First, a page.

Glenn Tkach was already a seasoned storyteller (aka tour guide) for Forbidden Vancouver Walking Tours, helping curious visitors discover the secret histories of western Canada’s gleaming green city when, in 2017, he proposed that the company let him develop a tour of local LGBTQ+ landmarks. Thus began planning for The Really Gay History Tour, a two-hour amble that takes guests beyond the city’s famous nightlife scene on Davie Street, delving into the development of queer rights in the city and country.

Tkach introduces heroes such as North America’s first openly gay church minister and a transgender political whistleblower, explains and debunks the story of Patient Zero, and leavens the stroll with plenty of lighthearted humor and banter about some of the city’s most colorful characters.


Madrid nightlife. Photo by Mikel Taboada/Getty Images.

While most queer walking tours focus on history, Madrid’s City Secreto offers a social outing that’s steeped in the here-and-now: Here being the city’s gayborhood, Chueca; now being between 9 p.m. and midnight, Thursdays through Saturdays, when Madrillenos are gearing up for their legendary wee-hours nightlife.

The company’s in-the-know guides are ready to usher you into the festivities with intimate groups of no more than 10 participants. Sure, you’ll get a dose of education, but you’ll do it while slipping into a pair of speakeasy-style bars unfamiliar to most tourists and pausing at a tapas bar where you can sip vermouth and quiz your guide on how to get the most out of a long night on the town. You’ll even get passes to a dance party at the end of the tour.

New Orleans

Southern Decadence in New Oreleans.

“I do not offer a ‘family friendly’ version of the tour,” notes Quinn Laroux, the glamorous proprietor, and guide of Nola Drag Tours, a dishy meander around New Orleans’ French Quarter that offers a healthy mix of laughter and learning. In addition to the ups and downs of the city’s queer history — from its rich drag and sex work traditions to the tragic UpStairs Lounge arson killing — Laroux dips a painted toe into voodoo, jazz, and race relations, always with a queer perspective. Laroux, a longtime activist with a degree in sociology, has said she views the drag aspect of her tours as a “Trojan Horse” to help educate the public on queer history.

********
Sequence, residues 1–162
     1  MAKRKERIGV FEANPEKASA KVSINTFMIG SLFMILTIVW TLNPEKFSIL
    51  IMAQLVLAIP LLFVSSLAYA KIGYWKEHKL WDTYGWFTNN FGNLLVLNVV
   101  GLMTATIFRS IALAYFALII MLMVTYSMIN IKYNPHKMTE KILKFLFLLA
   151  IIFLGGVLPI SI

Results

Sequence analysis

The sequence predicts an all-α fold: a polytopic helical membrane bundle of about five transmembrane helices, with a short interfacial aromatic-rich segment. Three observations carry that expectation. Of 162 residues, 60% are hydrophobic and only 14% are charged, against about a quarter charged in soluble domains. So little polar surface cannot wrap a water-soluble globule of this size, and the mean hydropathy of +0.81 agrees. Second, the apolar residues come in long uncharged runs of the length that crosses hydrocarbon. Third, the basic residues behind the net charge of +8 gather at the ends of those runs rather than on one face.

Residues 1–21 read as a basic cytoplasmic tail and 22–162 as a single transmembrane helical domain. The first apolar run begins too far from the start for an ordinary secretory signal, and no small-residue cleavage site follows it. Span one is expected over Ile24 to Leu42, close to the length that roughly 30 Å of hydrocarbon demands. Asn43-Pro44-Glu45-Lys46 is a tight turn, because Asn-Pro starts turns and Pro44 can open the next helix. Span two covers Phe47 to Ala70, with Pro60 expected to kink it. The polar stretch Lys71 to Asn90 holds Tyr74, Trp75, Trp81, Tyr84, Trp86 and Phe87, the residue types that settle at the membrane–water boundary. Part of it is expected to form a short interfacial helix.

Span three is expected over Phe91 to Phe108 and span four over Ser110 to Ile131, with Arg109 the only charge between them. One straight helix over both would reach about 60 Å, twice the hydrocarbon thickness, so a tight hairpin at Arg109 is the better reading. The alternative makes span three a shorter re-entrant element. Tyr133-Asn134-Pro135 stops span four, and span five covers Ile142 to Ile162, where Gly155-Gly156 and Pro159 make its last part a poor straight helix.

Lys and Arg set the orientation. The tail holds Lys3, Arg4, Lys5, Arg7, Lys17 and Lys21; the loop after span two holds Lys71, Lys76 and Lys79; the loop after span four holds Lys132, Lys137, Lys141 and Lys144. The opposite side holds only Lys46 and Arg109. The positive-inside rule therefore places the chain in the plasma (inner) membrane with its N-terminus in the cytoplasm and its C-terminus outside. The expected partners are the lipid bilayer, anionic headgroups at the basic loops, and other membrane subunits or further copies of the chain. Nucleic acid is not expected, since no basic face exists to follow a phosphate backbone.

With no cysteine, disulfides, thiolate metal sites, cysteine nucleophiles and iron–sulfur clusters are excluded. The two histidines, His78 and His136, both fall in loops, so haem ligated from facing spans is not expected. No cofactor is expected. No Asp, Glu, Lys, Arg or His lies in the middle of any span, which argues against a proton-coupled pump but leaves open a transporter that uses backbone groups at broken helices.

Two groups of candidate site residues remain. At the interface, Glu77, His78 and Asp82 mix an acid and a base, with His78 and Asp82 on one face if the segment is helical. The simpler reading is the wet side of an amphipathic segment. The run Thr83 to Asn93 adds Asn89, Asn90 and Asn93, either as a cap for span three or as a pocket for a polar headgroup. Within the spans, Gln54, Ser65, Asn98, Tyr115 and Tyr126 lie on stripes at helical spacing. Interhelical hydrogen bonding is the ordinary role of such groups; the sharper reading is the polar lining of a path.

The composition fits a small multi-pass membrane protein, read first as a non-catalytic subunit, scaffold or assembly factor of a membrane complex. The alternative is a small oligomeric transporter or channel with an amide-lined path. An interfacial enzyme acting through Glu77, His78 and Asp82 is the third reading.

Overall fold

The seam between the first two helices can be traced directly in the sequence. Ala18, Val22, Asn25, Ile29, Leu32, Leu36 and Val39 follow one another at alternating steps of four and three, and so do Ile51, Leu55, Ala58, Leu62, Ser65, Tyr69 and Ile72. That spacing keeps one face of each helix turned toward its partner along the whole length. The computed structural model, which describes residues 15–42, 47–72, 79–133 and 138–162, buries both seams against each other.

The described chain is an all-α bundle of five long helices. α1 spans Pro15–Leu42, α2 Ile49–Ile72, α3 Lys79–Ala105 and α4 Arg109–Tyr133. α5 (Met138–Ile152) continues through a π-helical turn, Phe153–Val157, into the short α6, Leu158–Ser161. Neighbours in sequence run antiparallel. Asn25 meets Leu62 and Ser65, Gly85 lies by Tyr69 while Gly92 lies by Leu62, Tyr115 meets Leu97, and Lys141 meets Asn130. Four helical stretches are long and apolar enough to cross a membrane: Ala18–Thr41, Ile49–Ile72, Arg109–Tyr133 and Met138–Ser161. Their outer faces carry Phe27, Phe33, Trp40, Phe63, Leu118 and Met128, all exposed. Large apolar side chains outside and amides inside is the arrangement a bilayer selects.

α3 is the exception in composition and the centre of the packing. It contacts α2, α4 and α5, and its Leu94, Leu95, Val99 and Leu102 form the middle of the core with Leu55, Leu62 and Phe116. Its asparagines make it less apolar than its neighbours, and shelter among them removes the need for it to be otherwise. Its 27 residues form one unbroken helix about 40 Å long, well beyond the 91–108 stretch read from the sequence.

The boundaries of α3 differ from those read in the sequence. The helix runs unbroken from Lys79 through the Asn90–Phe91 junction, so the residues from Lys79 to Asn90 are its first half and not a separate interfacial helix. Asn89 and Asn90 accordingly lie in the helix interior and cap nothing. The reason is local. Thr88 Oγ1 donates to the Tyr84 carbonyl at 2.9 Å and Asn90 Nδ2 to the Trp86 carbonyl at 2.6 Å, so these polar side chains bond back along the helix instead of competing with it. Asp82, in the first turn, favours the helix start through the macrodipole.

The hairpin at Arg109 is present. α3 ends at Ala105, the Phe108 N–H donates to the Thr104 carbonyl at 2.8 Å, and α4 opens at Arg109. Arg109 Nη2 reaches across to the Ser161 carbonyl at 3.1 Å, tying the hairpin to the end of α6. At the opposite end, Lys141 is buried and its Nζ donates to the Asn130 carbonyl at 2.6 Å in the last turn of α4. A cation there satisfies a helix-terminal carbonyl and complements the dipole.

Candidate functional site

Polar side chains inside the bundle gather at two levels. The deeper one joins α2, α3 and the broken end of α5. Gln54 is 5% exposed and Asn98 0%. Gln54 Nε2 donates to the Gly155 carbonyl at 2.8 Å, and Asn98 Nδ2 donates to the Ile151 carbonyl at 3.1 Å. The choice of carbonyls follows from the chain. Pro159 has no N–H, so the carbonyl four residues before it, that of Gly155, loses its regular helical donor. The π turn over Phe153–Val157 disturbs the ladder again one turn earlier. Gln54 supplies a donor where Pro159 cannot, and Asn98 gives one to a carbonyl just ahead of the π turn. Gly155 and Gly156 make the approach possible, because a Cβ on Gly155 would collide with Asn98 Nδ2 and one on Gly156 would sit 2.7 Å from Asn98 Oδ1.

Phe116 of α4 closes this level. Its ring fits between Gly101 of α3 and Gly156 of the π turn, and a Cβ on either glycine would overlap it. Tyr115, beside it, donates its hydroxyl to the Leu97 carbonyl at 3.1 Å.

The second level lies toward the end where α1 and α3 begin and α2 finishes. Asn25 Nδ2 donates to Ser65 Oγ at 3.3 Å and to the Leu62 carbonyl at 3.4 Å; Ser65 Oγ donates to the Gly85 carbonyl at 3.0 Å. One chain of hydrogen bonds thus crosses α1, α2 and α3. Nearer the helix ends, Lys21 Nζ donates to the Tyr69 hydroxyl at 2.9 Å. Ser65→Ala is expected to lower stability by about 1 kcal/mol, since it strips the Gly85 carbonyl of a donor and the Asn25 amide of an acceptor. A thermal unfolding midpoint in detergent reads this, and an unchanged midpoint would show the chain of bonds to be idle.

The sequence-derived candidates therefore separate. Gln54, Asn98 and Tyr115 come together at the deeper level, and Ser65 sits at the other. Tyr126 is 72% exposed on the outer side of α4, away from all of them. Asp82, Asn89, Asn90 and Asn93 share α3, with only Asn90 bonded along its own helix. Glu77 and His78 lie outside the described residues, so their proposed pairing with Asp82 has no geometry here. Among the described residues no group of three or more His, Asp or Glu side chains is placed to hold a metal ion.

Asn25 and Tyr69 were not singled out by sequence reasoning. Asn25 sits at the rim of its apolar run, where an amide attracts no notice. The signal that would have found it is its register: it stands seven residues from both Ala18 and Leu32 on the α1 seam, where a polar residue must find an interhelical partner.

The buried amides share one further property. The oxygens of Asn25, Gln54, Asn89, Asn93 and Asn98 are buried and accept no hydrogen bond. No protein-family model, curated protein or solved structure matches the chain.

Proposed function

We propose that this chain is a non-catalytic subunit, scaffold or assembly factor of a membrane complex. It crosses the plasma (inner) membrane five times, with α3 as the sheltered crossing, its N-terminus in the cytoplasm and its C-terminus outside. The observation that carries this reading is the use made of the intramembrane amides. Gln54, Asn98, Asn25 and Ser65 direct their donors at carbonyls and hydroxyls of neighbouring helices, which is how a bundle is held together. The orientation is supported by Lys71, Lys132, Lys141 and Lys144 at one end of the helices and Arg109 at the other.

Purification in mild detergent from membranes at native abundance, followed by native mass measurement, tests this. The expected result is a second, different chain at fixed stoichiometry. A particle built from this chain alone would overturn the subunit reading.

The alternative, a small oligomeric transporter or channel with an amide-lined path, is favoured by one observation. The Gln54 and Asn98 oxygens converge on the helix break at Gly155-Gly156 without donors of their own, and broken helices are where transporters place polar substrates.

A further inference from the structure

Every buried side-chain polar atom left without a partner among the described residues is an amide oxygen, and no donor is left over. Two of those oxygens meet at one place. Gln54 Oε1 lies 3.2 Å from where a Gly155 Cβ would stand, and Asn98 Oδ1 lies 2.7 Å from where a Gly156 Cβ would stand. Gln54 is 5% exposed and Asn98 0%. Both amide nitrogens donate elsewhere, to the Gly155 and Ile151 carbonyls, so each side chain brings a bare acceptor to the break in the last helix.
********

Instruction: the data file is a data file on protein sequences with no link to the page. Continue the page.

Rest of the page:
Rome, Italy.

For queer travelers visiting a new city for the first time, learning about local queer history may not be a top priority. But it’s always great to take tours where you can feel free to ask questions about any topic that crosses your mind without reproach from fellow travelers or guides. That’s especially true in a religiously conservative destination like Italy’s capital, where The Roman Gay is ready to help you see the city from a pink perspective. A staff of queer guides leads a full range of walking tours of sites, including the Colosseum and the Vatican, along with topics including Italian fashion and cinema.

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International operators like Gaily Tour and Get Your Guide can help you book private guides for LGBTQ-focused walking tours, and local companies worldwide now offer regularly scheduled, modestly priced ($25-$75) queer-themed walking tours. Whether you’re weaving your way around West Hollywood, perambulating through Paris, or traipsing through Tokyo, learning a bit about local history and culture as you wander is always fun. Walking tours also provide opportunities to get local intel on your destination and meet fellow travelers.